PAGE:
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Labour ministry’s reform rewrite: ‘inspector’ will now be ‘facilitator’

If the employer complies with the direction within such period, the facilitator shall not initiate prosecution proceedings.

Written by Surabhi | New Delhi |
April 16, 2015 4:46:22 am

In a quick fix solution to the ongoing debate over the “Inspector Raj” issue, the Ministry of Labour and Employment has decided to replace the term “inspector” with the term “facilitator” in a proposed legislation on wages.

In its draft Labour Code on Wages Bill, 2015, which will replace four central statutes on wages — the Minimum Wages Act, 1948, the Payment of Wages Act, 1936, the Payment of Bonus Act, 1965 and the Equal Remuneration Act, 1976 — the labour ministry has decided to use the term “facilitator” for the person who will “supply information and advice to employers and workers concerning the most effective means of complying with the provisions of the code”.

According to the draft Bill, the facilitator will also “inspect the establishment” within the local limits assigned to him.

This is the first time that the ministry is using the term facilitator. Earlier, in amendments to the Employees’ State Insurance Act in 2010, the ministry had redesignated inspectors as “social security officers”.

“The objective is to project a more friendly image to employers. The facilitator’s functions and powers are also proposed to be in keeping with this image,” said a person close to the development, pointing out that the labour ministry has been rolling out initiatives over the last one year that are aimed at being more business friendly.

While the facilitator retains the labour inspector’s power to examine workers, search and seize copies of relevant documents, the ministry, in a significant softening of stand, has proposed that instead of taking action against defaulting employers straight away, facilitators will give them a chance to comply with the provisions of the code.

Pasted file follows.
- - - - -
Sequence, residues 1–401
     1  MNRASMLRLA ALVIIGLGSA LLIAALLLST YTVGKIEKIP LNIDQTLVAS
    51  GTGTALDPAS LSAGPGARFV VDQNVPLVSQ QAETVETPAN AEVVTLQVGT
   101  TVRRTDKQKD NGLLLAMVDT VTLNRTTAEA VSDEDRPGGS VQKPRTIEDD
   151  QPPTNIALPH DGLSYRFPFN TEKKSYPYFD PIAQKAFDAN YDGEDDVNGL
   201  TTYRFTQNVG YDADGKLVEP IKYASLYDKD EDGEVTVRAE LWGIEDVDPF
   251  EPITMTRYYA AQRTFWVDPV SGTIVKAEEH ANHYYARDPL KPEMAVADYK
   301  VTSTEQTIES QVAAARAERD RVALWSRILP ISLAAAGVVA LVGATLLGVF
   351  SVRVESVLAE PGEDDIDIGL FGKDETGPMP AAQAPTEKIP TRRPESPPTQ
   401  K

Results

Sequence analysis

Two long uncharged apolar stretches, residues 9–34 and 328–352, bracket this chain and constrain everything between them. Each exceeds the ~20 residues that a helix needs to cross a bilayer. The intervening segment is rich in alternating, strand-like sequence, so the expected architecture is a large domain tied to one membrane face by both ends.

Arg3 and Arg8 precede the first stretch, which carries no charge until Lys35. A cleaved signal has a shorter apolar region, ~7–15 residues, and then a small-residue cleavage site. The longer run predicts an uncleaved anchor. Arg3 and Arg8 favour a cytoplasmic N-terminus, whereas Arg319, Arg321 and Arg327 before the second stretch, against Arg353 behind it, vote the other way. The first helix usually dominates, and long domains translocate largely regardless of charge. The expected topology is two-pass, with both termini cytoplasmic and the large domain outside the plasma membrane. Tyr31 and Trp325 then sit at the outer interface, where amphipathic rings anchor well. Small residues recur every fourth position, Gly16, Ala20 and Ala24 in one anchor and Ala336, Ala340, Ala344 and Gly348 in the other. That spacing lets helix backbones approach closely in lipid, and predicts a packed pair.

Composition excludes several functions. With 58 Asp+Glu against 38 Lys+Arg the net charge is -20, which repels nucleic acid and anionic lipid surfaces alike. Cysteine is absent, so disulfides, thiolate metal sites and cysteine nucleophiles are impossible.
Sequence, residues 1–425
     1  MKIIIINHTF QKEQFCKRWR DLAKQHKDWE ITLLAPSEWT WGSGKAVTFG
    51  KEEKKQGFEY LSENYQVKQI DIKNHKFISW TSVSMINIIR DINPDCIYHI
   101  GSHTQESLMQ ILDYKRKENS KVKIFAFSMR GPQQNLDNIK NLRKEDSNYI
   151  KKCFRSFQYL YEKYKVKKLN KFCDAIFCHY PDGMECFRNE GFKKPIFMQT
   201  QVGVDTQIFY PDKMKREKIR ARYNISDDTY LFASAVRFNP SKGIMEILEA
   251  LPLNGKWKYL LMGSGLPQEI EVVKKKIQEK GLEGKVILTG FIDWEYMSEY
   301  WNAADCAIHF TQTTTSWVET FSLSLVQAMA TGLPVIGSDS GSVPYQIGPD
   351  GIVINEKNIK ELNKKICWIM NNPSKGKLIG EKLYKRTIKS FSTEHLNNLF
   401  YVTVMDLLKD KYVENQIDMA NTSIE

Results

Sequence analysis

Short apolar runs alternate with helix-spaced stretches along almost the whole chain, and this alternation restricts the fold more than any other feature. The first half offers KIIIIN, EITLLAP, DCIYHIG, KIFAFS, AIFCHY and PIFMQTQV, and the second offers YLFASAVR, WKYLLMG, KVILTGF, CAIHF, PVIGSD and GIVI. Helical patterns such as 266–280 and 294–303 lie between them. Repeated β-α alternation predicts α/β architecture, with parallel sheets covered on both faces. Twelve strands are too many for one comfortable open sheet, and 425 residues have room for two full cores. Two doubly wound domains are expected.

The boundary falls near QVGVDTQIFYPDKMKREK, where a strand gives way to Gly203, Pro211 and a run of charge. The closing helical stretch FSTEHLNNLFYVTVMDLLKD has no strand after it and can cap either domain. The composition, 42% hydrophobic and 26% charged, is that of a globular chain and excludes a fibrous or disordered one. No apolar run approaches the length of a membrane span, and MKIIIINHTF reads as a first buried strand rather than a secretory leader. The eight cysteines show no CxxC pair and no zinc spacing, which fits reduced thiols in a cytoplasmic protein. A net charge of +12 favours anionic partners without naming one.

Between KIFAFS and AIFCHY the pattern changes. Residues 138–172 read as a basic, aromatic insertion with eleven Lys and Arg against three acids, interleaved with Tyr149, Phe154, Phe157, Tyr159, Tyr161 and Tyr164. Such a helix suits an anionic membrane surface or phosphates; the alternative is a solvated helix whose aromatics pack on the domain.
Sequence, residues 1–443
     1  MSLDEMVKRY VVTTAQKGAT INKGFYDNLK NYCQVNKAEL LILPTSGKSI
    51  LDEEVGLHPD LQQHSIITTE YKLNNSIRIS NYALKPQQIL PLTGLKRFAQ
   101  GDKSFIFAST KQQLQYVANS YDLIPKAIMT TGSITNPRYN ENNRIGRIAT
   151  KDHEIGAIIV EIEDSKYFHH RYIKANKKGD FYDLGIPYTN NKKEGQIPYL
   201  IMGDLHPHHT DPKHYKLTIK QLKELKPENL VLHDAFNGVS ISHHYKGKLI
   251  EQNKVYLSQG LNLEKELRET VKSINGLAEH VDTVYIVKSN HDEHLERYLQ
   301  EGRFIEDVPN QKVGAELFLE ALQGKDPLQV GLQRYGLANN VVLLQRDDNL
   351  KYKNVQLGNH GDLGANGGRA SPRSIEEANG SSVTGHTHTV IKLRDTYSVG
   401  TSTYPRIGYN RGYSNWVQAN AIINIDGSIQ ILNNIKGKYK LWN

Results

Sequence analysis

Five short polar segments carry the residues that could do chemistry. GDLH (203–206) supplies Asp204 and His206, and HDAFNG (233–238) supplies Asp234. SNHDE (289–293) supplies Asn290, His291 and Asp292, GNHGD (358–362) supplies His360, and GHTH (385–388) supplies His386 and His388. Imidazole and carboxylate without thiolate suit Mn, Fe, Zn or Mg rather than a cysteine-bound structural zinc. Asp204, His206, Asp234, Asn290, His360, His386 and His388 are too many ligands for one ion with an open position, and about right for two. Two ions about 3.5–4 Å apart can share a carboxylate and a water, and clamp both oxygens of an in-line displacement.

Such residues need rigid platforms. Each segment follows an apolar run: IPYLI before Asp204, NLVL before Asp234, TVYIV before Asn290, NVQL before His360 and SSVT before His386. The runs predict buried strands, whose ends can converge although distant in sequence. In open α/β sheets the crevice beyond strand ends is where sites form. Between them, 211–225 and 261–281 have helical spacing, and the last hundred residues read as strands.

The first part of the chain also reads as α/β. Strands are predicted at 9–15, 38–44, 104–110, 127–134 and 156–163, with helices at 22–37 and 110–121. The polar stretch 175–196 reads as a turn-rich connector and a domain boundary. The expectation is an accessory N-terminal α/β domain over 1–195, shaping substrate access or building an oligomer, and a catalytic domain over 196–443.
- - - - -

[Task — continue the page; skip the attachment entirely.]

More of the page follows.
“The facilitator shall, before initiation of prosecution proceedings, give an opportunity to the employer to comply with the provisions of this code by way of a written direction, which shall lay down a time period for such compliance, and if the employer complies with the direction within such period, the facilitator shall not initiate such prosecution proceedings,” says the draft Bill.

“It’s a very good provision… defaulters will be given a chance to first comply with the law and not be prosecuted straight away,” said Michael Dias, secretary of the Employers’ Association in Delhi.

The facilitators will use the centralised web-based inspection system launched by the labour ministry last year instead of going for frequent checks and inspections.

Keen to table the proposed Bill in Parliament by the end of the Budget Session, Labour Minister Bandaru Dattatreya has held two rounds of tripartite meetings with employer and employee representatives as well as state labour departments. The ministry has also sought public comments on the Bill by April 20.

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